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As a portable restroom operator, you know how quickly small fees add up. However, you may not realize the nuances of pricing your portable sanitation services correctly. Regardless if you’re new to the industry or a few years in, it’s vital to assess your cost per unit and value per service. Lousy math amounts to less revenue. While many PROs use a flat fee that’s charged across the board, others add surcharges for value-added services or discounts for long-term customers. Methods and rates vary by business and location. Figure out your pricing using a base rate that balances cost and value. Then, add in your desired profit margin.
Stay on Top of Your Costs
The cost of doing business in the portable restroom industry varies by region. Prices of equipment and supplies frequently increase. Regardless of the formula for determining service pricing, there are specific numbers that you need to know.
- Direct expenses that tie into the services performed. PROs calculate each cost that occurs when taking a unit to a customer. Direct portable restroom expenses include diesel fuel, chemicals (like cleaning supplies), toilet paper (and other paper products) driver time, dump fees, tolls, and additional fees.
- Indirect expenses are your overhead. Incorporate a percentage of this amount in the pricing of every service and product. Indirect includes rent and utilities, administrative and other salaries and benefits, phone, internet, business subscriptions, and advertising.
Determine Base with Cost-Based Pricing
While prices vary from region to region, using reliable data to figure out your bottom line makes good fiscal sense. Pay attention to your base numbers. First, figure out your cost per unit according to your driver and route.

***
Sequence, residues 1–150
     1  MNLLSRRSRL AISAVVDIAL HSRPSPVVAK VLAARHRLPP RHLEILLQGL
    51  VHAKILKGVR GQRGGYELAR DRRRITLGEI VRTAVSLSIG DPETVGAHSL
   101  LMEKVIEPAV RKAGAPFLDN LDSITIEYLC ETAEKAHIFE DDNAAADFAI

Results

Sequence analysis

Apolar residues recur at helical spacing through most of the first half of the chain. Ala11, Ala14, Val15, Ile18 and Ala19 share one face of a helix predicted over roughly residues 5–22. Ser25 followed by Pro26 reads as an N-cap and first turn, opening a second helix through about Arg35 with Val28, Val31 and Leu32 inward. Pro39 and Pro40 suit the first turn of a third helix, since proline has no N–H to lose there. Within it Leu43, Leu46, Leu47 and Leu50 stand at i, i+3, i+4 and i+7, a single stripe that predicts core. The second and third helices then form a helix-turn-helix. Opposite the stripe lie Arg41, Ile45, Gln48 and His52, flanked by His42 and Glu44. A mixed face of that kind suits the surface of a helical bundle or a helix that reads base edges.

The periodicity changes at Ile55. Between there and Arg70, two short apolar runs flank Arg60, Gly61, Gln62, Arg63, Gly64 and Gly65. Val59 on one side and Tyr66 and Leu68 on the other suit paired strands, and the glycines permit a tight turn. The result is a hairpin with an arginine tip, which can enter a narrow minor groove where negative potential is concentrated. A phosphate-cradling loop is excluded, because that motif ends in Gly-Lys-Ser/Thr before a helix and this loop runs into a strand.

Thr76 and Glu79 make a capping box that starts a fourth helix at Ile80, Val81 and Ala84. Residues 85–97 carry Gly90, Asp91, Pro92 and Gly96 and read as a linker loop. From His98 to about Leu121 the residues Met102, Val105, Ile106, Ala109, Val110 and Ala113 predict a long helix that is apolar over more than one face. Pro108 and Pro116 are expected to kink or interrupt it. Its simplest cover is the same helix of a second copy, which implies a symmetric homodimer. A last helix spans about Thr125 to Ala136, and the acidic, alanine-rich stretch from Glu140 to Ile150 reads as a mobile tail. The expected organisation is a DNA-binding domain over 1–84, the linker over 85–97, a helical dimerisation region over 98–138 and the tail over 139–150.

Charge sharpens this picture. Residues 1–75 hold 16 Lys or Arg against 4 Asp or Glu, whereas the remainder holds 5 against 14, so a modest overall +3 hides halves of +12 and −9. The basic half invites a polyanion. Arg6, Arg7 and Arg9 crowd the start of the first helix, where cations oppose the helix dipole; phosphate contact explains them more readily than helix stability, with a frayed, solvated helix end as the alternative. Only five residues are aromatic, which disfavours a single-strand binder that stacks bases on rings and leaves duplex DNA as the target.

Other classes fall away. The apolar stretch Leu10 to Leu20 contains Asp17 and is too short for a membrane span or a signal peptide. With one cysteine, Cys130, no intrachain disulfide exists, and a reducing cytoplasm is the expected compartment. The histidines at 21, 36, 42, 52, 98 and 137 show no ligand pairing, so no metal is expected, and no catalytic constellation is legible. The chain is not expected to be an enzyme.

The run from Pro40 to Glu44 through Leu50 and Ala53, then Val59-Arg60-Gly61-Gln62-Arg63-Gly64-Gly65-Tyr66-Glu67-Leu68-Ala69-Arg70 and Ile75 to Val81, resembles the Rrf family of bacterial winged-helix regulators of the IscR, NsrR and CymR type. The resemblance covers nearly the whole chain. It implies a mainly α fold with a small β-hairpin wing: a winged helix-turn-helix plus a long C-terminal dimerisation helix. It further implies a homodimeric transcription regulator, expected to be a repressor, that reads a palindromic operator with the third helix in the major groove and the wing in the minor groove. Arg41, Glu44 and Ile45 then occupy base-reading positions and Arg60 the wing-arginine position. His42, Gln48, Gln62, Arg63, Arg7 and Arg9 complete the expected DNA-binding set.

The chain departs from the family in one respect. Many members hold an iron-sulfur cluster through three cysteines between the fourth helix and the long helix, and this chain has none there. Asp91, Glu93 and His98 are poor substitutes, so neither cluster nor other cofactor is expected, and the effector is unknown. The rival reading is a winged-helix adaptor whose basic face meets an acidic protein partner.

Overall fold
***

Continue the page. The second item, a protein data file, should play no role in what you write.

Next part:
- X = Driver cost per unit: Take your driver’s hourly rate multiplied by weekly hours. Then, divide the total by the number of units serviced.
- Y = Direct costs relating to service: Cost to dump waste and add deodorizer and toilet paper.
- Z = Percentage of overhead per unit: Total price of indirect costs reflected in service fees.
X + Y + Z = Estimated cost per unit per service
Once you have your base cost, determine possible profit. By plugging your data into this formula, you can estimate revenue from various routes. Now, take this number and review your competitors.
Review Your Competition
Every business plan should include information on competitors. Knowing what your competitors charge and why they charge it is essential in the portable sanitation industry. PROs don’t need to try and compete or change their pricing to fit in with the competition. Instead, look at your bottom line plus profit needed and see where you fit. Use this knowledge to figure out what separates you from the competition. Let that reflect in your service costs.
Consider Value-Based Pricing
Cost-based flat fees work great for construction sites or individual customers. However, a huge special event requiring additional care or time ultimately costs your company more indirect costs. The same goes for extra services of higher value to your customers, such as emergency services or off-hour services.
If delivery hours don’t match up with a route you already have, you’re paying more, so you need to charge more. If one customer consistently requires more on-site time, this extra value needs to be included in your pricing. Use surcharges and extra fees in circumstances where you offer added value by complying with your customer’s requests or needs.
Let’s face it, truck time is your most significant expense. Time is valuable. Set expectations early with customers, both in writing and in person. Difficult locations that take drivers significantly longer, due to rough terrain or a late customer, should incur added costs.
Reassess Business Costs
Keeping your numbers up-to-date ensures you’re accounting for changes in business variables. These variables include cost of products, fees for services, wage expectations, competition, and economy. Is your math for driver hours and supplies correct? Underestimating the length of job or quantity of supplies cuts into profit.
PROs who use data to review their pricing structure, while staying on top of local competitors and industry standards, find that a balance between cost-based and value-based pricing provides the most accurate figures.
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